The Spaffords did not despair. Their home had been spared and they had their family. God had been good. Even though their finances were mostly depleted, Anna and Horatio used what resources they had left to feed the hungry, help the homeless, care for the sick and injured and comfort their grief stricken neighbors. The Great Chicago Fire was a great American tragedy; the Spaffords used it to show the love of the Christ to those in need.

In 1873 Anna Spafford’s health was failing and hoping to put behind the tragic loss of their son and the fire and to benefit Anna’s health, the Spaffords planned a trip to Europe. They would sail on the French steamer Ville du Havre to Europe with their four daughters. Spafford not only wanted to visit Europe but he wanted to assist Evangelists Dwight L. Moody and Ira D. Sankey in a revival they were conducting in England. …

The day they were to sail for Europe Spafford had a business emergency and could not leave. Not wanting to disappoint his wife Anna and their daughters he sent them on ahead and planned to follow on another ship in a few days. … On November 22, 1873 the steamer Ville du Havre was struck by a British iron sailing ship, the Lockhearn. The steamer Ville du Havre, with Anna Spafford and her daughters aboard, sank within twelve minutes in the middle of the Atlantic Ocean. Only 81 of the 307 passengers and crew members survived this tragic shipwreck.

Even though the Lockhearn was in danger of sinking the unconscious Anna Spafford was picked up from floating debris by the crew of the Lockhearn. An American cargo sailing vessel, the Trimountain, arrived in time to save the survivors of the Ville du Havre and the Lockhearn. Anna Spafford was taken to Cardiff, Wales where she telegraphed her husband Horatio. Anna’s cable was brief and heartbreaking, “Saved alone. What shall I do…” Horatio and Anna’s four daughters had drowned. As soon as he received Anna’s telegram, Horatio left Chicago without delay to bring his wife home. Sailing across the Atlantic Ocean the captain of the ship called Horatio to the bridge. He informed Horatio that “A careful reckoning has been made and I believe we are now passing the place where the Ville du Havre was wrecked. The water is three miles deep.”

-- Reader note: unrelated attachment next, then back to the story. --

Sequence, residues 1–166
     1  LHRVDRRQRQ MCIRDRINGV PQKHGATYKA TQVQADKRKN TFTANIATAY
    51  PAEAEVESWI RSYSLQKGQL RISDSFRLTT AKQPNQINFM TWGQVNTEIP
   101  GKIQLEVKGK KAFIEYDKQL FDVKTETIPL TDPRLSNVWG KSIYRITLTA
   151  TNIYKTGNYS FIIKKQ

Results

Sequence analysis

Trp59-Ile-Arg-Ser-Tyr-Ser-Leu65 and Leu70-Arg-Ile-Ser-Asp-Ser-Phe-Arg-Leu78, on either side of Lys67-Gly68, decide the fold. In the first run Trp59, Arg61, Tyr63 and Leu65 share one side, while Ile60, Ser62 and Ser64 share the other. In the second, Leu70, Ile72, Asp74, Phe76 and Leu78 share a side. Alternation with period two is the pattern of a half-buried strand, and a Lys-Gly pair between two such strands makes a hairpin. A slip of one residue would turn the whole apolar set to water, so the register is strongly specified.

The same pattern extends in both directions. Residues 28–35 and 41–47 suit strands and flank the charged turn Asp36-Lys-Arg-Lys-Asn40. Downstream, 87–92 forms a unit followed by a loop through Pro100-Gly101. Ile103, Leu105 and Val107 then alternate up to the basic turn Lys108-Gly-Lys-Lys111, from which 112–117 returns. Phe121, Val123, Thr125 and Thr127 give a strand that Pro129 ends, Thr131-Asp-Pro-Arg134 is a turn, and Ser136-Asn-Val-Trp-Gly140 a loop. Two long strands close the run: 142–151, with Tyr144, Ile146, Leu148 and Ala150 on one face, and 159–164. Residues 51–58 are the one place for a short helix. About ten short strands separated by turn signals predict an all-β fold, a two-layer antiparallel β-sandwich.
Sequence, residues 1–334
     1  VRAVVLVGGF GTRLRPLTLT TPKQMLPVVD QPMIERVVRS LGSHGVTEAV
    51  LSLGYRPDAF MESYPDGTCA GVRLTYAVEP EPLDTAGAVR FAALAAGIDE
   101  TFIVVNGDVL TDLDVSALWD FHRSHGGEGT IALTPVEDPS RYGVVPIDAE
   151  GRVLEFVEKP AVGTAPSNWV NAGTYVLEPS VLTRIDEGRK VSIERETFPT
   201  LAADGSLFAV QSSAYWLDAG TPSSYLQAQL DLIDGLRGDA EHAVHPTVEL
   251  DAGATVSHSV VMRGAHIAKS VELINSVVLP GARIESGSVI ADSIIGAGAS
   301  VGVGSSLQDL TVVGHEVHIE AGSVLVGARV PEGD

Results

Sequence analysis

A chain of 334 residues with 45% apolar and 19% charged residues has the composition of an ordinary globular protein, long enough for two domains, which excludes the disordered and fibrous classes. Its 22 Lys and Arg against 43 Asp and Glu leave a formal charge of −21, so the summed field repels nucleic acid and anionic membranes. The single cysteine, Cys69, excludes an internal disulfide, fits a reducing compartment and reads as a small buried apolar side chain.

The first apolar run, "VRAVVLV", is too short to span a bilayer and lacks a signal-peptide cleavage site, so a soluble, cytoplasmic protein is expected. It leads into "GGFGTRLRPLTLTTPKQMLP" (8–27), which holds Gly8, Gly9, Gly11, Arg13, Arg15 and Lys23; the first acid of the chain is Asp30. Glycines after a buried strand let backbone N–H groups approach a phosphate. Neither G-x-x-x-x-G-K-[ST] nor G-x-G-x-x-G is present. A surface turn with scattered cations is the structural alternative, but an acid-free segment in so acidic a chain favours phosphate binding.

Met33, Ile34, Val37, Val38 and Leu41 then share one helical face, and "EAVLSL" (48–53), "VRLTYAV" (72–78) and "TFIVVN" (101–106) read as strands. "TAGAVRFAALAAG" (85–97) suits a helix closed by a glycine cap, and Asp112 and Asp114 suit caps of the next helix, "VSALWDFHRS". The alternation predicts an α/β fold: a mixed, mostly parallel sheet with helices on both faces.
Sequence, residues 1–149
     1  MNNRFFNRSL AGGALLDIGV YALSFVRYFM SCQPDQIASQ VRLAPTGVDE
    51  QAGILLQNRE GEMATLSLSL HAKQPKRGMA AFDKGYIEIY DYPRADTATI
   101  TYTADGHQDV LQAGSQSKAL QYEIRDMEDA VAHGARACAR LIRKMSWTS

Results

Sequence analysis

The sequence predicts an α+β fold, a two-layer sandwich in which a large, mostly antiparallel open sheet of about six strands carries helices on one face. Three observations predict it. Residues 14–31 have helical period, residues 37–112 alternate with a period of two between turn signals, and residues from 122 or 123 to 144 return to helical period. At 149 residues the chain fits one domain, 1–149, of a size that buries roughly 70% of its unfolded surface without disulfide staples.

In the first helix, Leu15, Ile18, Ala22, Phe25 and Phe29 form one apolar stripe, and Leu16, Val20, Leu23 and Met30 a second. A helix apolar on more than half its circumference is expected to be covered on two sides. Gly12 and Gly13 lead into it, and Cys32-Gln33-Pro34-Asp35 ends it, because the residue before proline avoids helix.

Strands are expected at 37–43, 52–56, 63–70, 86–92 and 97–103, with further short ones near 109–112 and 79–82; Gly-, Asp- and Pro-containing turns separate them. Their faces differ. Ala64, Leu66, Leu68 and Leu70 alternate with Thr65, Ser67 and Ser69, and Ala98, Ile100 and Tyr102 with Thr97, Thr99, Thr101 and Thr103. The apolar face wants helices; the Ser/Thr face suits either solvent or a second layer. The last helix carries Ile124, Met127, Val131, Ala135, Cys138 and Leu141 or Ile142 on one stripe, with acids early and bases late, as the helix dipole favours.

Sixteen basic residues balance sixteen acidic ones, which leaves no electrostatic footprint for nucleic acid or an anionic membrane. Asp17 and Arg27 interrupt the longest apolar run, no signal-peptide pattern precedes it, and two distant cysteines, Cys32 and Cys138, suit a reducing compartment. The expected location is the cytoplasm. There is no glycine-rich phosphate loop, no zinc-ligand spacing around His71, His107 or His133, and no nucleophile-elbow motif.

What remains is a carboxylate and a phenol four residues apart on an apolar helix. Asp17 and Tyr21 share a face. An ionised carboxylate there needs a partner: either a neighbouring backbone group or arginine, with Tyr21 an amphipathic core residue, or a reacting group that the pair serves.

That night, alone in his cabin Horatio G. Spafford penned the words to his famous hymn, “It Is Well With My Soul.” …

After Anna was rescued, Pastor Nathaniel Weiss, one of the ministers traveling with Anna and Horatio’s group remembered hearing Anna say, “God gave me four daughters. Now they have been taken from me. Someday I will understand why.” Anna was utterly devastated. Many of the survivors watched Anna closely, fearing she may try to take her life. In her grief and despair, Anna heard a soft voice speaking to her, “You were saved for a purpose!” …

It Is Well With My Soul

When peace, like a river, attendeth my way, 
When sorrows like sea billows roll; 
Whatever my lot, Thou has taught me to say, 
It is well, it is well, with my soul.

Though Satan should buffet, though trials should come, 
Let this blest assurance control, 
That Christ has regarded my helpless estate, 
And hath shed His own blood for my soul. 

My sin, oh, the bliss of this glorious thought! 
My sin, not in part but the whole, 
Is nailed to the cross, and I bear it no more, 
Praise the Lord, praise the Lord, O my soul! 

And Lord, haste the day when my faith shall be sight, 
The clouds be rolled back as a scroll; 
The trump shall resound, and the Lord shall descend, 
Even so, it is well with my soul.

It is believed that Horatio took the words “It is well” from the words of the Shunammite woman whose only son was raised from the dead by Elisha.